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After COVID-impacted high, absentee voting dips

By MARY SELL, Alabama Daily News

Fewer Alabamians are casting absentee ballots in Tuesday’s election than compared to previous elections.

As of Friday 51,582 absentee ballots had been requested and 40,371 had been returned, according to Secretary of State John Merrill. 

In 2020, when absentee voting rules were loosened so that people could avoid crowded polling places amid COVID-19 concerns, about 318,000 absentee ballots were cast.

Prior to that, the record was 89,000.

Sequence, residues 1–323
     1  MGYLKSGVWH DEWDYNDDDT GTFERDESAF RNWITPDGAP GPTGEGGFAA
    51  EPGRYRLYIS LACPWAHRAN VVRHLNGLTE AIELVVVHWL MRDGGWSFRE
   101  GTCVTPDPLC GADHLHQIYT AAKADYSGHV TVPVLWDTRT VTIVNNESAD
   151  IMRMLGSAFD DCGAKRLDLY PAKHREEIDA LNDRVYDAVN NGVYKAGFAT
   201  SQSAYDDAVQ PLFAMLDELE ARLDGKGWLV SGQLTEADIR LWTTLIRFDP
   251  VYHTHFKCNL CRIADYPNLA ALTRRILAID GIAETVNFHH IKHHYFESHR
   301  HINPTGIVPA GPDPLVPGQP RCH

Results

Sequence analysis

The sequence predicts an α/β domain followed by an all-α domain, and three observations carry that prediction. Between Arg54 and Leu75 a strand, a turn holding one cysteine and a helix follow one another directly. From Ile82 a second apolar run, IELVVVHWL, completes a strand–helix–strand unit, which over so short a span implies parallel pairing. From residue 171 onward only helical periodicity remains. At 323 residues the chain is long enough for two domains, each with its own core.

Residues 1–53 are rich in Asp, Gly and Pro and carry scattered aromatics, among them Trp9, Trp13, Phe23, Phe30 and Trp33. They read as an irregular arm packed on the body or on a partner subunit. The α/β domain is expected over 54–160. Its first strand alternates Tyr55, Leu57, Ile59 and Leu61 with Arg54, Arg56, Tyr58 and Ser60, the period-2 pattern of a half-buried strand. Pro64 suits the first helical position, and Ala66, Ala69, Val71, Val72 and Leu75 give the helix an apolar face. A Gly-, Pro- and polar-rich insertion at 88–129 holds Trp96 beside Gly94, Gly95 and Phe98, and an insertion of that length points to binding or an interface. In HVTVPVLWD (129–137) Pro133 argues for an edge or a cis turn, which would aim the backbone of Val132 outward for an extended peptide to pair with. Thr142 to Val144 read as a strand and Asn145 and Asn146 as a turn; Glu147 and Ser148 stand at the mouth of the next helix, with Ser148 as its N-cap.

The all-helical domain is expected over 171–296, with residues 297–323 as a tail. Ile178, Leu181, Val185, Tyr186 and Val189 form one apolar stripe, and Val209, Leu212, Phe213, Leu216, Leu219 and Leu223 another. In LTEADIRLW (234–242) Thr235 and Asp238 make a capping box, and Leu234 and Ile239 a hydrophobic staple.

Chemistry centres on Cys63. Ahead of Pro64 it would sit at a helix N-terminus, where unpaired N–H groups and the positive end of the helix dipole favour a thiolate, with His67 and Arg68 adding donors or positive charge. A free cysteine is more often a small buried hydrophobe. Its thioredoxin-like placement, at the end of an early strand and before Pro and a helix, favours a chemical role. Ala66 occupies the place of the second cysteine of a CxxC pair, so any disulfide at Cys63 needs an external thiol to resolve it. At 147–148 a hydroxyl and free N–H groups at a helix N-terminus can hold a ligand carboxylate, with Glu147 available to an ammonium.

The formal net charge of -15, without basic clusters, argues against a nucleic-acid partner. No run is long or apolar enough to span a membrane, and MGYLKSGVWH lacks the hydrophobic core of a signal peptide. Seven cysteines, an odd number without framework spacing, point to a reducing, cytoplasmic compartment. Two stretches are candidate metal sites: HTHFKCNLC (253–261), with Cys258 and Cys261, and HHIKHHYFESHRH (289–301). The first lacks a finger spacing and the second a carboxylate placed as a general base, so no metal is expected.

“We just have less enthusiasm about this election,” Merrill told Alabama Daily News.

Alabama does not have early voting and Merrill said usually 96% to 97% of votes are cast in person on election day. In filing absentee applications, voters must swear that they can’t vote at the polls on election day. Allowable reasons include being away for work or higher education, illness and physical disability.

Merrill said he expects about 45% to 50% of voters to turnout on Tuesday.

“That may be a little high, but I don’t see any way it’s any greater than that,” Merrill said.

In the 2018 midterm, when Gov. Kay Ivey faced well-organized Democrat Walt Maddox, turnout was 50%. In the May primary, where there were high-profile GOP contests for U.S. Senate and governor, turnout was 23%.

Today is the deadline for voters to hand-deliver their absentee ballots. 

Polls are open for in-person voting from 7 a.m. to 7 p.m. Tuesday.

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